Leaders say this is just the start of Downtown East
City leaders recently took a moment to look back on the rapid development of Downtown East, a neighborhood that has quickly replaced its surface parking lots and underutilized space with dense buildings.
The ascent of the area has come with the name East Town, which also includes Elliot Park. Led by the building of U.S. Bank Stadium, the Downtown East development brought in nearly $570 million in private investment thanks in part to $91 million in public investment, the city estimates.
Council Member Jacob Frey, who represents the neighborhood on the City Council, said the public-private partnership’s replacement of an “ocean of surface parking lots” with new structures like the two 17-story Wells Fargo towers is a “massive benefit.”
“This is a gigantic deal,” he said at a July 27 panel.
Rising over four years, the development has brought in 375 new apartments, 1.28 million square feet of office space, 347 hotel rooms and 56,000 square feet of retail, according to the city. The city estimates the boom will bring in $14.1 million in new property taxes in 2018, including $3.5 million in city property taxes. Wells Fargo brought approximately 5,000 jobs to the area with its office towers.
The development includes several new buildings surrounding the area’s nucleus, The Commons. The two-block park in front of U.S. Bank Stadium, a fulcrum for the area, is bisected with Downtown East on one side and the rest of downtown’s center, officially known as Downtown West, on the other.
The City of Minneapolis issued about $62 million in 30-year bonds to buy the land, design the Commons and build much of the park. The funds, which will be paid back with revenues from two parking ramps near U.S. Bank Stadium, also supported the construction of a nearby public parking ramp. While the Minneapolis Park and Recreation Board technically owns the land beneath the Commons, the City of Minneapolis has a long-term lease to oversee the park.
Popping up around the park have been the 195-unit Edition Apartments, the 164-room Radisson Red Hotel and a 174,000-square-foot office building dubbed the Millwright Building. Sherman Associates is currently constructing a 183-room Canopy by Hilton Hotel in the Thresher Square building and, on the same block, a Trader Joe’s grocery story and the 180-unit East End apartment building.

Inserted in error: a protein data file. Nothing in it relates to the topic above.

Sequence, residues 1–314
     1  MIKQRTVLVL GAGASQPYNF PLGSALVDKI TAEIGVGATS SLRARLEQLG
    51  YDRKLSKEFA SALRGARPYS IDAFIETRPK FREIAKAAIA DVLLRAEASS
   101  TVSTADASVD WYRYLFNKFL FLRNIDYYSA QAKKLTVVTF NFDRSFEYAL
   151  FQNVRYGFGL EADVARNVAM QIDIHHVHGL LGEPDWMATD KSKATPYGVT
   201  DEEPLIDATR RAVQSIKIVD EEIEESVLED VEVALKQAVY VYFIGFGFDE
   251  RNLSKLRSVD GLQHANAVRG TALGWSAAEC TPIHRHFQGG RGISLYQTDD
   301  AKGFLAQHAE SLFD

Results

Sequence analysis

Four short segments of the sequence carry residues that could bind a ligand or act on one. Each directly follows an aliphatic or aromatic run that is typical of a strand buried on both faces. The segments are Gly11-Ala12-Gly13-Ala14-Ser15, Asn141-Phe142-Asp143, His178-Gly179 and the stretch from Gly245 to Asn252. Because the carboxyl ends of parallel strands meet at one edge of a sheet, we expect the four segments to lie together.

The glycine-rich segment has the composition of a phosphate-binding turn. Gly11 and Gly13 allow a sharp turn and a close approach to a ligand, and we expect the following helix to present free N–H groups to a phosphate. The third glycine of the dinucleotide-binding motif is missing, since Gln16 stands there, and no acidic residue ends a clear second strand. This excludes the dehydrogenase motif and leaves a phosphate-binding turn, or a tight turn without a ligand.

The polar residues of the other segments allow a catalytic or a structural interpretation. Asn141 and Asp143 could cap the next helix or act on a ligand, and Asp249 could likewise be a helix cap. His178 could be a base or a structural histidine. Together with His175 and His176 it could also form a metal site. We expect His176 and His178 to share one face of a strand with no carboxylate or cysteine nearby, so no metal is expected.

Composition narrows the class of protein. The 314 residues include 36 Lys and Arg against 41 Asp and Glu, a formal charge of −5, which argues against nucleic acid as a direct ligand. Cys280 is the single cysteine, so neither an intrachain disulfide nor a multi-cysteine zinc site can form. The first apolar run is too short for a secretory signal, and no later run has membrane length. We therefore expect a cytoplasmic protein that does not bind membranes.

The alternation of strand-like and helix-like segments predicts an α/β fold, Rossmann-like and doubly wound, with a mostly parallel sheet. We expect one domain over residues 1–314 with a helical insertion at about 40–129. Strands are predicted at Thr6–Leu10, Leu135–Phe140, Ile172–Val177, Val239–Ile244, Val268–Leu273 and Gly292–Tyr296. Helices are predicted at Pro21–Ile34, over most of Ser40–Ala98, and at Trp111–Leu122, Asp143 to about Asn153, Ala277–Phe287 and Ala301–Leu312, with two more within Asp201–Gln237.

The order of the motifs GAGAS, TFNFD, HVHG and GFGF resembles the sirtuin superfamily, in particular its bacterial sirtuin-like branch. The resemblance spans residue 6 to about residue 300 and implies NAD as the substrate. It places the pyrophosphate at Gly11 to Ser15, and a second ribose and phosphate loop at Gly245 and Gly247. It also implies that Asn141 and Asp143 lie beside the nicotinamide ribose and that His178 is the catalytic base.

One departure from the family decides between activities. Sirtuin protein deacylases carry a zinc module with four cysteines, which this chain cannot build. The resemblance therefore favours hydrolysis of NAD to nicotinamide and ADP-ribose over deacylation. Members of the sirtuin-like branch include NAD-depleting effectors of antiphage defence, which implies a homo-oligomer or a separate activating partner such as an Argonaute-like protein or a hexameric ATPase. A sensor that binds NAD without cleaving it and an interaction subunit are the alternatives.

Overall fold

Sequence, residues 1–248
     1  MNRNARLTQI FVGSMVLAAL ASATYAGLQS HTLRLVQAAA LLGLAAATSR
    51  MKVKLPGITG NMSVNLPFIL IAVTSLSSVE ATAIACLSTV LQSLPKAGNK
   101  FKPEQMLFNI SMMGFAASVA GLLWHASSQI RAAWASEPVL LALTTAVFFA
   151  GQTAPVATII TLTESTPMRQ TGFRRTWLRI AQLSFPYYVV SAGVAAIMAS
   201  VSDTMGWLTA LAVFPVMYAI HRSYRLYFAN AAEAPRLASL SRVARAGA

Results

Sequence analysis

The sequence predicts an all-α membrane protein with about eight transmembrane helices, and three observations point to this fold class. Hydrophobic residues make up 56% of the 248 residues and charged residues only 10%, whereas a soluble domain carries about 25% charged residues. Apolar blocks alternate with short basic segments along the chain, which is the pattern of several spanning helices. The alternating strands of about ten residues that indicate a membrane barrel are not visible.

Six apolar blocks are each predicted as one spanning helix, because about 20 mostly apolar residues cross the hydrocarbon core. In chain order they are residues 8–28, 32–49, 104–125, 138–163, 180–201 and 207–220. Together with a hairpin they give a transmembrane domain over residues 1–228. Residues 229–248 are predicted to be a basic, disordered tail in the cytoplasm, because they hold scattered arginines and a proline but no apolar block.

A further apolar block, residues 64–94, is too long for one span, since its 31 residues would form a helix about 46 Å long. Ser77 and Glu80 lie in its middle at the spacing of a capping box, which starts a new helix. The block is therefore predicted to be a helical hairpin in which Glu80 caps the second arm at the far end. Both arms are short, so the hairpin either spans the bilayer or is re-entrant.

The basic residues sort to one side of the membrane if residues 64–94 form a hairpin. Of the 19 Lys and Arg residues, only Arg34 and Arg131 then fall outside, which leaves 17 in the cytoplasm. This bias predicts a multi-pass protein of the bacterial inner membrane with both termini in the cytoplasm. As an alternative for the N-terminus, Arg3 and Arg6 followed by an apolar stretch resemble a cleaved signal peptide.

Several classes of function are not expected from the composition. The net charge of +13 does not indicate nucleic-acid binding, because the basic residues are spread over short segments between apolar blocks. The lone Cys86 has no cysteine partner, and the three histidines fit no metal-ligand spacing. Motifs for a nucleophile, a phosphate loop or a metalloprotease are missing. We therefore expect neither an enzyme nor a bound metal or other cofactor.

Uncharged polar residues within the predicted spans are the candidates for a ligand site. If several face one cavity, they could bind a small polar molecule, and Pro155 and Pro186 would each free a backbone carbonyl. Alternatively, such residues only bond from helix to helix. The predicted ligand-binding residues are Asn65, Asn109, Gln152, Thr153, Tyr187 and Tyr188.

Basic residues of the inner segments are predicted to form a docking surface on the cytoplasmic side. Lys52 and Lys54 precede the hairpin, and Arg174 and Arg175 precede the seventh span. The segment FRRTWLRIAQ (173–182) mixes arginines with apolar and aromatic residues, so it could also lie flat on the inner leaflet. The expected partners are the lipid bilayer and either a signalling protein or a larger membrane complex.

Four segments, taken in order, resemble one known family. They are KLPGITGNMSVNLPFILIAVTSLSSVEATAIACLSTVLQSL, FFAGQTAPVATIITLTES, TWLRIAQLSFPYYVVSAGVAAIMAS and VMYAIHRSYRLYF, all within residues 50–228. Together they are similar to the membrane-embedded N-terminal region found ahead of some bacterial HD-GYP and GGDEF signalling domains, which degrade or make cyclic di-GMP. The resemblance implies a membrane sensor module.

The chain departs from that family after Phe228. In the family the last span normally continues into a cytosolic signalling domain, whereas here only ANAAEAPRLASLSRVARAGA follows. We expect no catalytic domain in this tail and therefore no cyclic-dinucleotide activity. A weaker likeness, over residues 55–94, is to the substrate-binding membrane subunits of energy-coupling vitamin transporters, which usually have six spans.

Mayor Betsy Hodges said the story of Downtown East is a “story of having a vision, seizing an opportunity, building partnerships, working very hard and creating transformation.”
“This is a brand-new neighborhood created out of almost nothing with the best transit, bike and pedestrian connection of any neighborhood in Minneapolis and a world-class green public amenity unlike few others in the country that everyone in Minneapolis and everyone who comes to Minneapolis can enjoy,” she said.
One of the main arbiters of development is Ryan Cos., which moved its headquarters to the Millwright Building earlier this year. Mike Ryan, market leader of Ryan’s North Region, said the project, a “major leap in the right direction,” is building connections between downtown Minneapolis to the east side of the city.
“I really look forward to, in 10, 15 years from now when you can seamlessly walk from the University [of Minnesota] to City Hall to Nicollet Mall,” he said.
Of course, there’s a lot more slated for the neighborhood, including a physical connection between Downtown East and Cedar-Riverside via Fifth Street called Samatar Crossing.
George Sherman of Sherman Associates, the developer behind the Thresher Square and East End projects, predicted that the more than $500 million in investment will only be a quarter of the investment the neighborhood will see in the next decade. Sherman recently opened the Encore, an approximately 125-unit luxury apartment building in the Mill District, and is planning mixed-income housing at 205 Park Ave. S.
Dan Collison, executive director of the East Town Business Partnership, said a groundbreaking is expected in March on workforce housing on the same block as First Covenant Church where he works as the lead pastor. The project, dubbed East Town Apartments, would be built by Ryan and would feature 169 units of housing for people making 50 percent and 60 percent of the area median income.
Interest in development has spilled into the far corners of the neighborhood. Shamrock Cos. is currently building a roughly 374-unit condo building called Legacy at 2nd & 13th following the opening of Portland Tower, a 17-story condo building in Elliot Park.
Further surface parking lots are being replaced by a full-block hotel, housing and brewery development from Kraus-Anderson in Elliot Park and Ironclad, a hotel and apartment project from Graves Hospitality now going up at Chicago & Washington.
“This side of town, I think, is really ripe for every available space to become something,” Collison said.
Ryan is still planning its final piece of the Downtown East project, a large office tower known as Block One. The building, the developer’s seventh project in the area, is expected to rise 17 stories and will be above the Minnesota Sports Facilities Authority parking ramp at 4th & Park.
Frey said the project is “primed for something extraordinary.”
“The investment is not going to stop here. There’s a whole lot of potential still in the pipeline,” he said.